Internet Day is an event celebrated in Mexico, Peru, Chile, Paraguay, Argentina, Spain, Colombia, Uruguay, Ecuador, Bolivia, Venezuela, and other parts of the world on October 29, promoted by the Association of Internet Users. It was celebrated for the first time on October 29, 2005. Shortly afterwards, at the Summit of the Information Society celebrated in Tunisia in November 2005, it was decided to propose to the UN the designation of October 29 as the World-wide Day of the Information Society, which resulted in Internet Day being celebrated on that day.
Internet Day aims to show the possibilities offered by new technologies to improve standards of living by giving people more understanding of technology and its functions.
The Internet Day initiative initially arose due to the Association of Internet Users, with other Spanish associations joining due to the opportunity to share what each one does to extend the Information Society to all citizens.
In Latin America the World Internet Day initiative also had great success, so that today it is linked to the Colombian Association of Internet Users, the Mexican Association of Internet, the Argentinian Association of Internet Users(Internaut Argentina), the Chilean Association of Users of Internet, the chapter of ISOC in Ecuador, and in Venezuela the technical office is carried by Hands of the Children and Adolescents.
In Colombia the Colombian Association of Internet Users' institutional mission is to promote awareness, knowledge, use and exploitation of Information Technologies and Communications and in particular the Internet in the country.
Chile is present from the first year the initiative began (2005), being the first country in Latin America to promote and celebrate Internet Day. In Chile, the organization responsible for developing this event is Internauta Chile, who through a Congress, created the Internauta Awards and have managed to position this activity through events nationwide. Projects include Digital Twinning, the "We speak the same e-language" campaign, itinerant Film Geek cycles, Academies of Cyber-Volunteers and Web Correspondents, and the Coordinating Unit of the Information Society, among others. Chile stresses the delivery of Internauta Awards, an award which is given to the techno-social initiatives developed in the country.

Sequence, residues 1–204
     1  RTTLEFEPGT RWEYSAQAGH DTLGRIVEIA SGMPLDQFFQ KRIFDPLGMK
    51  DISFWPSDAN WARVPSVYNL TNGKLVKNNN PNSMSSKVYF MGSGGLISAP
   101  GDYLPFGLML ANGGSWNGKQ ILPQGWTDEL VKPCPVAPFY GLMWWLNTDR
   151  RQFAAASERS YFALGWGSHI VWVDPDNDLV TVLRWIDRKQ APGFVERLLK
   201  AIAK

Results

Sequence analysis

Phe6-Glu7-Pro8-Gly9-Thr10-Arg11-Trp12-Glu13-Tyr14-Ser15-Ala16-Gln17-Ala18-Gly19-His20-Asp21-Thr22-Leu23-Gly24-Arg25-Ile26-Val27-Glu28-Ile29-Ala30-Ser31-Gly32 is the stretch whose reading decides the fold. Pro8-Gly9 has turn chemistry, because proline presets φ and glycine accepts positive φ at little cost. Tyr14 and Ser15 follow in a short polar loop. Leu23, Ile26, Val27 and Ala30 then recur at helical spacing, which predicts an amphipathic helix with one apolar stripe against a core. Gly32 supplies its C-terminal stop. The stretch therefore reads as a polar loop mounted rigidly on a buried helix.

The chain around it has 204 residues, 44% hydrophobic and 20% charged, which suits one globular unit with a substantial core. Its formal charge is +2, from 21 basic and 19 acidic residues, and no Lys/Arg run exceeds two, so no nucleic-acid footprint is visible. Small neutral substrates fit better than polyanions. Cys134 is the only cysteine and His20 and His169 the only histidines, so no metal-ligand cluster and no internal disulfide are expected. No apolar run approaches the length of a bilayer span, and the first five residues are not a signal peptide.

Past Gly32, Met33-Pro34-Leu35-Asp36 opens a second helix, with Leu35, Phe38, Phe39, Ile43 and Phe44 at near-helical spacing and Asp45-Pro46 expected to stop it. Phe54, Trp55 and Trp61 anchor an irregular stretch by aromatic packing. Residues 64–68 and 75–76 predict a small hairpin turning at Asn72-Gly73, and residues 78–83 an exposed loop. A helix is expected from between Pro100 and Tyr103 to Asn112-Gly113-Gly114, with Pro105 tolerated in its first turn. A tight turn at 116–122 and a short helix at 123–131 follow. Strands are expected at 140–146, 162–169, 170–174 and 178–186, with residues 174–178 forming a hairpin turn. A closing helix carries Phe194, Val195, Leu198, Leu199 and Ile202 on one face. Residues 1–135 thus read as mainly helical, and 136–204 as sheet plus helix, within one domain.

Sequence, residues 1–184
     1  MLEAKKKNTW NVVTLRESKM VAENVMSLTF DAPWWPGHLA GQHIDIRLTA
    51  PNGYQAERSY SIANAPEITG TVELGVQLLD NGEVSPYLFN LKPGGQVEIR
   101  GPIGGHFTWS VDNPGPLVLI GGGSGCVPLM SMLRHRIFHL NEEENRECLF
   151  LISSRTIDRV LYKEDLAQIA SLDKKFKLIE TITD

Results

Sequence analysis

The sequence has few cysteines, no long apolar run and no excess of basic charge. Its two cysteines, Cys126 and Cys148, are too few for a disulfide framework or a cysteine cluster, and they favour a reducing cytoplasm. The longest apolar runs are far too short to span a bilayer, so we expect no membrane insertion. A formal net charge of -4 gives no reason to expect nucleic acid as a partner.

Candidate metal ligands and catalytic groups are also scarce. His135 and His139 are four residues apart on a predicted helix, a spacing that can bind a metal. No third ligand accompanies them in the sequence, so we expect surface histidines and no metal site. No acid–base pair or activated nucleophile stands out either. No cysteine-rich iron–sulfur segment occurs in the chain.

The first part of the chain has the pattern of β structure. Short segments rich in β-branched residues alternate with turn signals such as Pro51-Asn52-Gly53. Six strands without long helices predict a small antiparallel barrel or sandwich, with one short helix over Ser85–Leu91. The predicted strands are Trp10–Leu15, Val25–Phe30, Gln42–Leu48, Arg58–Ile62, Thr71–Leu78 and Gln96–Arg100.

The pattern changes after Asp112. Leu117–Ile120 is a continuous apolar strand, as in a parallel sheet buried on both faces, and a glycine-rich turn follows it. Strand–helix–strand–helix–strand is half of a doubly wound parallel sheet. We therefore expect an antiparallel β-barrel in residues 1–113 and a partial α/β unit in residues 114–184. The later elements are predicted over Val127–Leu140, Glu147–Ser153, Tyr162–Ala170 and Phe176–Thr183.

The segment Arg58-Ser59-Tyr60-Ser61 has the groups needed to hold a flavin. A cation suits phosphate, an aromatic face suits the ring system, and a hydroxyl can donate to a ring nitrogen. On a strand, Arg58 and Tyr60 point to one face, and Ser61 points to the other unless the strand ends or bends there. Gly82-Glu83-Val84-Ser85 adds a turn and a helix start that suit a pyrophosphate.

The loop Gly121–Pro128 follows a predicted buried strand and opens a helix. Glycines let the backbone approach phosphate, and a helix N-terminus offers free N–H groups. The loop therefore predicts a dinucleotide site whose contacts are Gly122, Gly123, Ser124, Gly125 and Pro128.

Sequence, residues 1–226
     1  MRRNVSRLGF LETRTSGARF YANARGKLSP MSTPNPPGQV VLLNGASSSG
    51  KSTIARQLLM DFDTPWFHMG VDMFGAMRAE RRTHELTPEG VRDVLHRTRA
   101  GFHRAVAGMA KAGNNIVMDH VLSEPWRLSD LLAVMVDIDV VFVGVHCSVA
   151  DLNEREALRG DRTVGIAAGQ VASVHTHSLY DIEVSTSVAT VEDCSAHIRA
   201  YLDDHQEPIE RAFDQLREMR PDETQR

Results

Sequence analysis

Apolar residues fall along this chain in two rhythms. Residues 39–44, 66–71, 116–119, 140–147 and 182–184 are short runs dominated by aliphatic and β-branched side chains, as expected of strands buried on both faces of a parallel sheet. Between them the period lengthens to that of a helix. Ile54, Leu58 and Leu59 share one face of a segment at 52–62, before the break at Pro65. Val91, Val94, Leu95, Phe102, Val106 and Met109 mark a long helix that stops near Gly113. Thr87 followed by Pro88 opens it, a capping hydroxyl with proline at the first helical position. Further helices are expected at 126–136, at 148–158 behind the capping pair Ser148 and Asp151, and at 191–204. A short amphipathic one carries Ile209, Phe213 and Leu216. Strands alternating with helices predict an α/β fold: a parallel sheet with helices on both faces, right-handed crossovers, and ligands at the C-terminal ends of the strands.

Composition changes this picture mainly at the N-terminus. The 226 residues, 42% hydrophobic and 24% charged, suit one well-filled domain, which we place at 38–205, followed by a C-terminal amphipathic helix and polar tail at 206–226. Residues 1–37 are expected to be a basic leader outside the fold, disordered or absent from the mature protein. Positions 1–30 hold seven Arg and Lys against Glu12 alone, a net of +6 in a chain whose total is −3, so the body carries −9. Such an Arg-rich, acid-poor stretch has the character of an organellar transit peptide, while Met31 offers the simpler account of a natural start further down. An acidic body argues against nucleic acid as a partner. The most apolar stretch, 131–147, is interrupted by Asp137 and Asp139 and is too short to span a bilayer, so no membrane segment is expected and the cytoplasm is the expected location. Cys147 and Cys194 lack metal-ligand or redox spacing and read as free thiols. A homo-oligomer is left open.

In Argentina, conferences are carried out both face-to-face and virtually, with forums of debate and live chats with recognized national and international experts and an collaborative online environment to interact.
In Bolivia, talks about the potential of the Internet are held, bearing in mind that Bolivia is the country where the internet is the slowest in the world and the most expensive in South America.
The Internet Day celebration in its first edition took place on October 25, 2005. On that date were held over 400 events in more than 8,000 locations in 31 provinces of 17 regions. More than 200 public and private entities signed the Declaration of Principles to build the Information Society, representing more than one million citizens.